But Emanuel wasn’t just caving in to demonstrators by firing McCarthy. Howard Brookins, a prominent African-American alderman, responded with this statement: “I appreciate the Mayor’s willingness to change course and to make the right decision to demand new leadership at Chicago Police Department.”

And now that McCarthy is gone, both African-American and Latino politicians are calling for the resignation of State’s Attorney Alvarez, who viewed the video weeks after the shooting, but took over a year to charge Van Dyke with murder. Cook County Board President Toni Preckwinkle – the second-most prominent local elected official, after Emanuel – has called Alvarez’s conduct “disgraceful,” and is backing her own candidate in next March’s Democratic primary. Kim Foxx, a former prosecutor who is now Preckwinkle’s chief of staff, grew up in the now-demolished Cabrini-Green projects (the setting for the TV series "Good Times"), and experienced homelessness, fatherlessness, and sexual abuse as a child. With Alvarez having alienated minority voters, Foxx has to be the favorite.

It didn’t have to be this way for Rahm and the rest of Chicago’s political establishment. As longtime Machine-hater Ben Joravsky pointed out in the Chicago Reader, the city’s alternative weekly, Emanuel “could have been the hero” in the McDonald case.

As impossible as this sounds, just imagine Mayor Emanuel had released the video in, say, November—without being forced to by a lawsuit.

Cook County state’s attorney Anita Alvarez probably would’ve quickly responded with an indictment—just like she did earlier this week, when the tape actually was released.

I mean, it’s really hard to look at that tape and not call for an indictment.

If the mayor had done that, he wouldn’t be the villain in this sordid story. He’d be the hero. Or at least the guy who finally, for once in his life, did the right thing.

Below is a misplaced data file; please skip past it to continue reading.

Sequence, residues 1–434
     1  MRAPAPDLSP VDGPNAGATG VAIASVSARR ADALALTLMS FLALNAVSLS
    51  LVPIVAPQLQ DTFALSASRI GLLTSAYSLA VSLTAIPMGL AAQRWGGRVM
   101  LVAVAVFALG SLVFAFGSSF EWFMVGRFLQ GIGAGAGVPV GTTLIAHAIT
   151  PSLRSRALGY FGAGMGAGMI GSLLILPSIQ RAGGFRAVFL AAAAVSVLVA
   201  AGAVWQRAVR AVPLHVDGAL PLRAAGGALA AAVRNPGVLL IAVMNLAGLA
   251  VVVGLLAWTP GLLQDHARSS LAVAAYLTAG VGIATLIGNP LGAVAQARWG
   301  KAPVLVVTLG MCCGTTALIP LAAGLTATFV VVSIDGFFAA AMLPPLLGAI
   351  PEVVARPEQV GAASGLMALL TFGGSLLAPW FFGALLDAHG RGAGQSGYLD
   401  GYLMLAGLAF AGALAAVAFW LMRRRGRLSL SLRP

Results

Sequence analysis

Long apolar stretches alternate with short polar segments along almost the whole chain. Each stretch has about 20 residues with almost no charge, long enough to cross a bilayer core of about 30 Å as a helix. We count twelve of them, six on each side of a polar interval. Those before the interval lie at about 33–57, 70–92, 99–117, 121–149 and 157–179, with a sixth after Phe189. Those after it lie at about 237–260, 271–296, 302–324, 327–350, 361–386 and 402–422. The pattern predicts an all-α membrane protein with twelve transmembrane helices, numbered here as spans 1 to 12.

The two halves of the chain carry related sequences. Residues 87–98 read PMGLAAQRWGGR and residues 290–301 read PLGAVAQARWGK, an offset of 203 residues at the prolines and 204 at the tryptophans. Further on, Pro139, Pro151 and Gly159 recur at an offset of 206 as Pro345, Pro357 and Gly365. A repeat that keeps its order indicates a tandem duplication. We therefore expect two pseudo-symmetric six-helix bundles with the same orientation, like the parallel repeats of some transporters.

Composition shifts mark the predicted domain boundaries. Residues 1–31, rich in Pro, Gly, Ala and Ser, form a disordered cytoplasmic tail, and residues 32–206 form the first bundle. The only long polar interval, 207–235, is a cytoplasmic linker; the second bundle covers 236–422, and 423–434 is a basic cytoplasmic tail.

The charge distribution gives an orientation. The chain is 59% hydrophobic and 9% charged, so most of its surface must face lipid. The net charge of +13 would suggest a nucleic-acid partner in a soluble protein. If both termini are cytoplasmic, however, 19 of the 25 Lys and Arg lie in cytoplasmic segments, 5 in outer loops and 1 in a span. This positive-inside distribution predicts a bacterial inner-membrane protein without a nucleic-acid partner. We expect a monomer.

My God, he no doubt would have made hay out of the incident in campaign commercials too, which would have made him out to be the most fearless public servant since Gary Cooper in High Noon.

But of course, he didn't do the right thing. He buried the video. He allowed officials to mislead the public.

He hid the tapes because most likely he assumed it would hurt his reelection campaign.

Thus he not only did the immoral thing, he did the politically stupid thing.

The Watergate scandal wasn’t about a crime committed by a minor underling, it was about the big boss’s attempt to cover it up. So it is with the McDonald shooting. Unlike McCarthy or Alvarez – or even Nixon -- Emanuel won’t be so easy to get rid of. His term does not expire until May 2019, and he’s promised to run again. [] A Chicago mayor can’t be recalled, and it’s impossible to imagine him being impeached by a City Council which has never defied him on a single vote.

The Rahm haters’ best hope is that he accepts a position in President Hillary Clinton’s cabinet. Emanuel said in April that he has “zero interest” in returning to Washington. But he also said last week that he “fully” supported McCarthy. Sixteen bullets may have forever changed the course of his political career.

By Edward McClelland

Edward McClelland is the author of "Nothin' But Blue Skies: The Heyday, Hard Times and Hopes of America's Industrial Heartland." Follow him on Twitter at @tedmcclelland.